Iran has earmarked for punishment at least six witnesses who gave evidence at a public tribunal investigating a deadly crackdown on nationwide protests in November 2019, human rights groups said on Thursday.
The six were among 55 witnesses who gave evidence via video link to public hearings of a London-based tribunal, which has heard how protesters were arrested, tortured and killed, a coalition of 15 groups said.
Some of the hearings were streamed and could be seen live in Iran.
The hearings – known as the Aban Tribunal – were set up to try to hold to account senior regime officials and security forces involved in a brutal five-day operation to quell the demonstrations.
They were sparked by rising fuel prices but developed into a broader protest against the regime. At least 323 people were killed in the purge.
The tribunal started its work in November last year and reprisals started shortly afterwards against those who gave evidence and their families who remain in Iran.
They included arrests, prosecution for security-related offences, threatening telephone calls and raids on their homes, said the groups that include Amnesty International and the Campaign to Free Political Prisoners in Iran.
Two thirds of those who give evidence in person hid their identities using masks and sunglasses. But the six witnesses and their families selected by authorities spoke openly about their experiences.
They included one Iran-based witness and five others who fled the country after the protests but whose family remained behind.
The groups said the regime had targeted Amin Ansarifar, whose son Farzad was killed by security forces during protests in Behbahan, western Iran.
He was summoned for repeated questioning by intelligence officials in the weeks after he gave evidence at a “court of the enemy”. His home was raided and both Amin and another son, Arman, were this month sentenced to three months in prison with a five-year travel ban for “spreading propaganda” against the regime.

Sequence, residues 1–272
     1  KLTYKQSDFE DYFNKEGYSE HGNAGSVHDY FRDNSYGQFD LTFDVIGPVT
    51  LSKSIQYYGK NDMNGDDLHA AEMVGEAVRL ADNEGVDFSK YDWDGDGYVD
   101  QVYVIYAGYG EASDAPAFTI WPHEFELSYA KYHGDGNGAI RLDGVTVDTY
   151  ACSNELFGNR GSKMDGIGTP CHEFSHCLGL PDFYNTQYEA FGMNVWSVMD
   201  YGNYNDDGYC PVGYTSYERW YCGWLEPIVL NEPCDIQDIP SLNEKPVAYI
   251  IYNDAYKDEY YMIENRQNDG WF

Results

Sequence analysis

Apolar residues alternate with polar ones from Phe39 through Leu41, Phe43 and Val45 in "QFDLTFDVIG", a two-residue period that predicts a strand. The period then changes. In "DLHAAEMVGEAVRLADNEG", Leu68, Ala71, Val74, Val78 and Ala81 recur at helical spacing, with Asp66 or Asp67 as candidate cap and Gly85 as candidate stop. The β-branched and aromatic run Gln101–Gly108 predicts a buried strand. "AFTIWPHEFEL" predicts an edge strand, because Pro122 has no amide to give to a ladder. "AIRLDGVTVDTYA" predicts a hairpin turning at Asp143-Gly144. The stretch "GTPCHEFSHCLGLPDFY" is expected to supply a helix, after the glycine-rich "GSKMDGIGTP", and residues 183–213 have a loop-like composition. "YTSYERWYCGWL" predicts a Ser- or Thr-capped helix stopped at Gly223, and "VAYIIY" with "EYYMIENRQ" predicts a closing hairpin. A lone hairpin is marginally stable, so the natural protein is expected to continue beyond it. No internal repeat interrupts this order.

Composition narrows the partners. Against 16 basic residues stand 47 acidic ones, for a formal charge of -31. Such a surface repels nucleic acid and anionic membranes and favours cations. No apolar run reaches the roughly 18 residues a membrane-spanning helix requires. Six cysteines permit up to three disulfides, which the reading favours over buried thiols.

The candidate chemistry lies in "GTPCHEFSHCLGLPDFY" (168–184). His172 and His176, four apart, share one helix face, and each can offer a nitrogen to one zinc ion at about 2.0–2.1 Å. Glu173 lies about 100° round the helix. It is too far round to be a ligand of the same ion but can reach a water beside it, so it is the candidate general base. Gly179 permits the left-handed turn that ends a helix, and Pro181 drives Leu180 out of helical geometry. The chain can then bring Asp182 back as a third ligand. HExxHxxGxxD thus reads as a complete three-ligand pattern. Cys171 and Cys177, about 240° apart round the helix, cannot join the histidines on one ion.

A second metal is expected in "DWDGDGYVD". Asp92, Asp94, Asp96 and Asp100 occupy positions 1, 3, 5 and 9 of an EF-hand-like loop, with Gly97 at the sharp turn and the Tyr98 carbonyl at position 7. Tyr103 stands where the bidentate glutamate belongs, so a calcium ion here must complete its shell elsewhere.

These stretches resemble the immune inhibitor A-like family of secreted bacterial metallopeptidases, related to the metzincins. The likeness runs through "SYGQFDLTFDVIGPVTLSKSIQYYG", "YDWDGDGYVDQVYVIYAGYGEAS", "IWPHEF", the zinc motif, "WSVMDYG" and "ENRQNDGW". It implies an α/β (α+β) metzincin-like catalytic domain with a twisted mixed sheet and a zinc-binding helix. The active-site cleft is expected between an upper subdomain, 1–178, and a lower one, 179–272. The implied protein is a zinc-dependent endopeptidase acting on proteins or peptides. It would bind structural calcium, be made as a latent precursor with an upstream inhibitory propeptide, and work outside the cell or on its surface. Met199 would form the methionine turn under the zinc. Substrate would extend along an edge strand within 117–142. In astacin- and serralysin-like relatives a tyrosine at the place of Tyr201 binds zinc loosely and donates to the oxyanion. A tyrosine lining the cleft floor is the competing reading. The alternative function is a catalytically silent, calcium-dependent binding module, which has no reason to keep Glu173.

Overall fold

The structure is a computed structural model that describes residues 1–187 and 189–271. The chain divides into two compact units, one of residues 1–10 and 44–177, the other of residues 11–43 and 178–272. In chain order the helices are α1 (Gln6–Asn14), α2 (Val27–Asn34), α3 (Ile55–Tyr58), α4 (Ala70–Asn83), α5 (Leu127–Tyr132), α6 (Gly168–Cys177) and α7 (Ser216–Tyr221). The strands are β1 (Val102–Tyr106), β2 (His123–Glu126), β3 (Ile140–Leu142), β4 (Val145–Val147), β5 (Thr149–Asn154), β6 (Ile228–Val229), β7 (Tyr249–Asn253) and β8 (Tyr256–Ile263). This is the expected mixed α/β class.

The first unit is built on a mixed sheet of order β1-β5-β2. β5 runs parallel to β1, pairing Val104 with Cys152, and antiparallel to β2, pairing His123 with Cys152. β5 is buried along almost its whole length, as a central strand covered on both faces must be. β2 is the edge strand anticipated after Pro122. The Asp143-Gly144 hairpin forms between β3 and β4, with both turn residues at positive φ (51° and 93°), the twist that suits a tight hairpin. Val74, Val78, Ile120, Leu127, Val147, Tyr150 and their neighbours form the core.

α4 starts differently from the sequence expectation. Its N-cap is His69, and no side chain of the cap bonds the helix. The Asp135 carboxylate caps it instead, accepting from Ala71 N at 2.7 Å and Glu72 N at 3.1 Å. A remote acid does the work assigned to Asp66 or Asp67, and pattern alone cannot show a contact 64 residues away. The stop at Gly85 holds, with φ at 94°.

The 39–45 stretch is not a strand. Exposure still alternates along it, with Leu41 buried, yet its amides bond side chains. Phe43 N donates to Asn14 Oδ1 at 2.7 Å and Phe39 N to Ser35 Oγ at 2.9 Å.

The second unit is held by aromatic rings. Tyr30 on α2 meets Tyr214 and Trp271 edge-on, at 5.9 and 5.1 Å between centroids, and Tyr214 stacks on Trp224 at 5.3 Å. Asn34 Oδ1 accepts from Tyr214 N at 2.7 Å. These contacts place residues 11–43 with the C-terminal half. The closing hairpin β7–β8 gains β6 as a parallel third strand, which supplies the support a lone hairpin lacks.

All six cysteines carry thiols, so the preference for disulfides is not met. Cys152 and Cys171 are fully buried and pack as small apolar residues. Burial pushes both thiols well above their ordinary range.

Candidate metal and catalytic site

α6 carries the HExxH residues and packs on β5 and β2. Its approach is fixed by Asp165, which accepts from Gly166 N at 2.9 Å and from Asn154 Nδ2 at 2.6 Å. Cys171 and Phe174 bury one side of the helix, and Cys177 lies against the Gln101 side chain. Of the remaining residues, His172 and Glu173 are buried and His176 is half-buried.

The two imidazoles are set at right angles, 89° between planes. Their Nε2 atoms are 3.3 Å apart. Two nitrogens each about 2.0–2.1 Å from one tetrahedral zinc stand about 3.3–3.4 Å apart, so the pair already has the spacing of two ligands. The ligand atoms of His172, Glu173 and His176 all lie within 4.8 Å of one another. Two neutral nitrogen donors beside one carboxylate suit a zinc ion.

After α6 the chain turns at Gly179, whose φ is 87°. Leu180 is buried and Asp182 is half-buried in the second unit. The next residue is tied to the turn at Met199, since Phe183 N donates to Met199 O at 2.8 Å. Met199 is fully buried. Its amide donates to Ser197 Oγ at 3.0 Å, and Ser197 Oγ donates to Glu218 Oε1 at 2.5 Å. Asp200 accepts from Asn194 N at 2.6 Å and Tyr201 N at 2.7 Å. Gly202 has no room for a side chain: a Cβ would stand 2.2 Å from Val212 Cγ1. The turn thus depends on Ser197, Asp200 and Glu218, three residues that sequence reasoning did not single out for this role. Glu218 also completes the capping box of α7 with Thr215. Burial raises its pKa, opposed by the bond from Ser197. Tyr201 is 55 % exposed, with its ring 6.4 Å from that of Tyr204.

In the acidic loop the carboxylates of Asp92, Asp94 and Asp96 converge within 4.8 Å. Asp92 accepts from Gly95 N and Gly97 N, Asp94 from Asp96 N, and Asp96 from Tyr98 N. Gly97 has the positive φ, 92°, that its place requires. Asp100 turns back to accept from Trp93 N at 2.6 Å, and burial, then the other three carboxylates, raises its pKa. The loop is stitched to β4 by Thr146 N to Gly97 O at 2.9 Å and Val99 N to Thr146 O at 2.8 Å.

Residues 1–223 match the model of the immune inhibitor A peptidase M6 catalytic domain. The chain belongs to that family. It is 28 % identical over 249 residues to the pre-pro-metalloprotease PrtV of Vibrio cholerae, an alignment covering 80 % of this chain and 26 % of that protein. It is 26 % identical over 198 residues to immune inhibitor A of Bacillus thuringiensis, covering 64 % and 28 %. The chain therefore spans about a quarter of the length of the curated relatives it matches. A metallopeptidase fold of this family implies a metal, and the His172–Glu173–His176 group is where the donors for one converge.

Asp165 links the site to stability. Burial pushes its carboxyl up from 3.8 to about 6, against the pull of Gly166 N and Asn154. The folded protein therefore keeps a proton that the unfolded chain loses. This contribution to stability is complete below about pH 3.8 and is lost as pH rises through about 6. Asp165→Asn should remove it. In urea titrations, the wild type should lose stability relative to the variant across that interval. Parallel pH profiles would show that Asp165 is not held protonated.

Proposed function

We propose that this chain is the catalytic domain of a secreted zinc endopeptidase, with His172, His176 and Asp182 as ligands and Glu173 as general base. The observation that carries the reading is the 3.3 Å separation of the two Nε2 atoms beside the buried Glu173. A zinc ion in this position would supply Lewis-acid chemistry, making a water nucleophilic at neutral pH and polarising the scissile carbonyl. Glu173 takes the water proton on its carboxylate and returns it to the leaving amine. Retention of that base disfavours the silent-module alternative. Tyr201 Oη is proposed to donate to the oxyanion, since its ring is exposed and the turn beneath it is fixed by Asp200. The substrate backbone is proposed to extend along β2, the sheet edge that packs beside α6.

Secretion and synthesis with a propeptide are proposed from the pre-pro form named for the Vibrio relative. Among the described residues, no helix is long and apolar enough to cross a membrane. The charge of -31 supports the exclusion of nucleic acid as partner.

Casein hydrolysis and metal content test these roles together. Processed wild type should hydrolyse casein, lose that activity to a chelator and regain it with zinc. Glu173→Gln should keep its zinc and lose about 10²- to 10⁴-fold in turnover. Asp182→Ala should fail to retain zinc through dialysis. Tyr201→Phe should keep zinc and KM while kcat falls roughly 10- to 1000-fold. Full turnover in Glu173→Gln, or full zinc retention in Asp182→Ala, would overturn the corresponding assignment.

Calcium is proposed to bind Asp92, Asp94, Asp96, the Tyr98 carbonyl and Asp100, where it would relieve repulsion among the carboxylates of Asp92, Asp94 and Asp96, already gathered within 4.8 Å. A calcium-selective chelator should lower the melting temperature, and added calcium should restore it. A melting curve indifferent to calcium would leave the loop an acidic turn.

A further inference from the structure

His daughter was in February sentenced to more than four years in prison after she posted on Instagram about her brother’s death. She has yet to be summoned to serve her sentence.
“The authorities have ordered relatives in Iran to cut ties with tribunal witnesses based abroad and publicly denounce their testimonies or ‘face consequences’ including detention and other harm to them and their family members, including children,” the 15 groups said in their statement.
Probe into crimes against humanity
The tribunal is investigating crimes against humanity, including murder, torture and rape committed during the protests and in its aftermath, with 160 officials identified as suspects.
They include prison guards and security officials identified on mobile phone footage firing on crowds. Others include high-level officials including President Ebrahim Raisi, who was head of the judiciary at the time.
The tribunal has heard evidence about widespread torture in prisons, the rounding up of dissidents after the protests and harrowing details about a woman who was shot from behind while helping to bandage the wounds of a young protester.
The backers of the tribunal take as their inspiration the Russell Tribunal from the 1960s, which investigated the US intervention in Vietnam, and the Iran Tribunal from 2012, which examined the massacre of thousands of prisoners in the late 1980s.
Organisers hope that it will lead to a full investigation by the UN and sanctions imposed on those chiefly responsible.